Financial advice and the power of language
The financial services industry has a habit of overcomplicating what are generally simple concepts, which can distance product and service providers from their clients. This includes financial advisers.
A shift in rhetoric and language can be a powerful trigger for growth in any business.
Advisers are in an incredibly challenging position, daily. One of the myriad concerns they must turn themselves to often, yet rarely do, is the use of language.
Triggered by a conversation this week with one of Australia’s leading financial advisers, I was reminded of the need to reset the thinking within our own organisation when it comes to client communication.
With advisers spending significant time reading financial reports, product disclosure statements and research, while regularly conversing with Chartered Financial Analysts and portfolio managers, there is a tendency to talk the same language with our clients. Yet this is generally to our detriment and that of our relationships.
Duration, carry, correlation, active share, ESG, equities, unpacking, hard landing, soft landing, volatility…
These are all incredibly useful terms spoken hundreds of times each week in most advice practices, but in general mean very little, if anything, to an end client. Similarly, many words that have become synonymous with financial advice and funds management actually carry significantly less credence and respect than we tend to think they do.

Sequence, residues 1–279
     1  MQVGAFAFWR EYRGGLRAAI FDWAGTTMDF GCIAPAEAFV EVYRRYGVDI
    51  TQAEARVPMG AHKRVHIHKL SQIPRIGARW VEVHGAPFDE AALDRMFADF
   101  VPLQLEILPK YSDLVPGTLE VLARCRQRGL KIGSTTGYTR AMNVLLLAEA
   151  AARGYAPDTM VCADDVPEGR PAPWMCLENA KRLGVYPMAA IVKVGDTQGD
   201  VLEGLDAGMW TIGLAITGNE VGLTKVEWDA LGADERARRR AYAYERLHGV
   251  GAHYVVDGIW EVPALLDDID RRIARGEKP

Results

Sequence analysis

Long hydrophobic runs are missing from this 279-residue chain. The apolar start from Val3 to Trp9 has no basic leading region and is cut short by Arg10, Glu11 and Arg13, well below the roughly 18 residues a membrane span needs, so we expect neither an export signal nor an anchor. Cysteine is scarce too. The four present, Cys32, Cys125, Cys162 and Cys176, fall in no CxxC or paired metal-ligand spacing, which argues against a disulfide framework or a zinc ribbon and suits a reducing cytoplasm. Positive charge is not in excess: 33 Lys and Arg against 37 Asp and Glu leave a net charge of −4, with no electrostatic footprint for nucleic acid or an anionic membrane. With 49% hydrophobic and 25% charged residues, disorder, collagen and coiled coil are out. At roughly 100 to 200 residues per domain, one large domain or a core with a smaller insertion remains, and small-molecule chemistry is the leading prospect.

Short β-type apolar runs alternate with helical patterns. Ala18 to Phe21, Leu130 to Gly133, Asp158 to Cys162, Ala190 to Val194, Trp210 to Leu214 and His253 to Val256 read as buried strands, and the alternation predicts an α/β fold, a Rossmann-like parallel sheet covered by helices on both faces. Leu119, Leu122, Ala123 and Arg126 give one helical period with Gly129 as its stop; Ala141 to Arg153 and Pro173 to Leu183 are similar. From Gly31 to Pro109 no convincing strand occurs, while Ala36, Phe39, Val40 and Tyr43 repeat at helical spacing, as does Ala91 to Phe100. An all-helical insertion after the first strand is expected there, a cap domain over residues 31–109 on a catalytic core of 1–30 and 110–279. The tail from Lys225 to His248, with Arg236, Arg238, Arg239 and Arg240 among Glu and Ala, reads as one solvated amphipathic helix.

In my experience, this is a key issue that is holding my own practice and likely many others back, not only from converting clients, but also building stronger relationships. This is something evidence by the success of major bloggers and ‘finfluencers’, who some are turning to in place of licensed financial advice.
These groups have been successful in growing massive audiences because they have been able to connect with a broad range of listeners. They have brought financial literacy to the masses by uncomplicating personal financial and investing, and putting simple concepts like ETFs into simple terms.
Attending the financial advice conference, Future Proof, in the US earlier this year, I was reminded once again of the fact that we need to think more closely about the client experience. While we tend to focus on which applications or products we are using, this conversation really needs to start at the most basic level; what words are we going to use, and how do they make our clients feel?
This can be incredibly powerful from a high level marketing perspective, but also in terms of portfolio construction and how we describe the individual investments we are recommending to our clients.
Ultimately, as financial advisers we are in the business of having clients leave our offices empowered, not confused.